More than £2m spent on repairing empty council houses in Flintshire last year
More than £2m has been spent on bringing empty council homes in Flintshire back into use last year.
Flintshire Council paid approximately £2.3m to bring its vacant social houses back to an appropriate standard for new tenants in the last 12 months.
Currently up to 500 of its 7,200 rental properties become available each year, and the authority is now preparing to put new guidelines in place for how it selects builders to carry out the improvement works.
Chief officer for housing and assets, Neal Cockerton, said the agreed payment rates are shortly due to lapse and need renewing. He said:
“The voids team utilise contractors for works to empty properties that is unable to be resourced or delivered via the direct work force.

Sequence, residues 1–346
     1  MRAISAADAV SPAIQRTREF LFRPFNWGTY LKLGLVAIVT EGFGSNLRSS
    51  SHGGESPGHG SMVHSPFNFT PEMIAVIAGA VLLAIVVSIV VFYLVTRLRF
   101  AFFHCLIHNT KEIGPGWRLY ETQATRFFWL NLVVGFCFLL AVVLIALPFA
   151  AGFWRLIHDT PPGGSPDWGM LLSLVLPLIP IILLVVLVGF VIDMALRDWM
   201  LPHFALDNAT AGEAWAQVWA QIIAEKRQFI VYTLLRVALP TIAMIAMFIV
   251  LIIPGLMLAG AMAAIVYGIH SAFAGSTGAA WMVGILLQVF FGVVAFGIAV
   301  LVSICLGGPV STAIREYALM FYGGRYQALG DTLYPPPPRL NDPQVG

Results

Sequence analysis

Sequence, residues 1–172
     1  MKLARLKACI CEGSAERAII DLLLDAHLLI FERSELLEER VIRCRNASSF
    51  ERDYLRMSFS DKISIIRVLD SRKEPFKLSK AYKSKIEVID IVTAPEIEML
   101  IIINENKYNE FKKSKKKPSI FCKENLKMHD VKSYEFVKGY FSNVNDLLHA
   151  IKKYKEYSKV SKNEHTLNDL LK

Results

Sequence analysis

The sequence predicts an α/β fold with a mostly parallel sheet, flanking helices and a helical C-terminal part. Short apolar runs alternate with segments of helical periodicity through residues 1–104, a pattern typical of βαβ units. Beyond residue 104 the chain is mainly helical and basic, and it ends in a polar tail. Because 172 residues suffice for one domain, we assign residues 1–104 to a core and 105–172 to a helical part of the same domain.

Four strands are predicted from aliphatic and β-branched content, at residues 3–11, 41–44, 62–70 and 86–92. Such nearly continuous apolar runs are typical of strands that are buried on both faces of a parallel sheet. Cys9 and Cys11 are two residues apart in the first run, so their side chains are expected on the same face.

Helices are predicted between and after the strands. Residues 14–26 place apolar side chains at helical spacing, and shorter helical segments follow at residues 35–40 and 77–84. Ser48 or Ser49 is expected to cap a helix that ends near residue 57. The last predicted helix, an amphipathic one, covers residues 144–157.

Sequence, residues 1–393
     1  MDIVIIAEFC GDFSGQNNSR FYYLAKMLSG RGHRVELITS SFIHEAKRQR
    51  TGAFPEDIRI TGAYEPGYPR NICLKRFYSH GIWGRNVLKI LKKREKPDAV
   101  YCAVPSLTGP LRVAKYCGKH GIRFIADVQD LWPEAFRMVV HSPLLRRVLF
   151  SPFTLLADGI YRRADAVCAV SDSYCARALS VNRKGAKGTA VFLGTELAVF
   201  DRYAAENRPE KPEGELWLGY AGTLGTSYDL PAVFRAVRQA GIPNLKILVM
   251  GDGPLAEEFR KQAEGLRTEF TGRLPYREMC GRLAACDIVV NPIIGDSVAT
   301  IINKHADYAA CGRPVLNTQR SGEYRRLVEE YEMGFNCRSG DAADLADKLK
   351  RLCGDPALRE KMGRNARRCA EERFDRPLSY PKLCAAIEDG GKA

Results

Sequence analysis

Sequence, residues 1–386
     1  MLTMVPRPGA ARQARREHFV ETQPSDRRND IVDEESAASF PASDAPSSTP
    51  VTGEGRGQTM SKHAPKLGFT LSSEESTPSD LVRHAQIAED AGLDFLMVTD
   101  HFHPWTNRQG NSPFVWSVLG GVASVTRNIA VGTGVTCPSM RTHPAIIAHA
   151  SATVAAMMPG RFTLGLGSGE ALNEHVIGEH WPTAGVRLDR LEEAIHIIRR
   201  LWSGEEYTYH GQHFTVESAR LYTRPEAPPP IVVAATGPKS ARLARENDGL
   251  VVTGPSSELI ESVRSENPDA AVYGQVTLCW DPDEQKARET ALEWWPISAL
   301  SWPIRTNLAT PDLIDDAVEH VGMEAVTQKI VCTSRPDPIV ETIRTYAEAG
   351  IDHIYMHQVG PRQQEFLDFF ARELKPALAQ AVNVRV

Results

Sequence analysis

“The repairs and maintenance team also utilise these contractors when works are either too large or complex to manage.
“The council experiences 400-500 void properties per year and, overall, the cost of bringing these back into a ‘lettable’ standard equates to approximately £2,300,000 per year.
The total value for the framework period is an estimated £11,500,000.
“The most economically advantageous tenderer, based on price and quality will be allocated work as first choice and this will continue unless the client feels the tenderer’s financial threshold is exceeded.”
The council’s cabinet will be asked to agree on the new framework at a meeting tomorrow, Tuesday 17 July.
It comes after neighbouring Wrexham Council admitted earlier this month that the external contractors it uses are struggling to keep up with the rate of repairs needed.
The authority launched a drive to try and improve the quality of accommodation it lets out, but said empty properties had gone up to 281 as they failed to keep pace.
By Liam Randall – Local Democracy Reporter.
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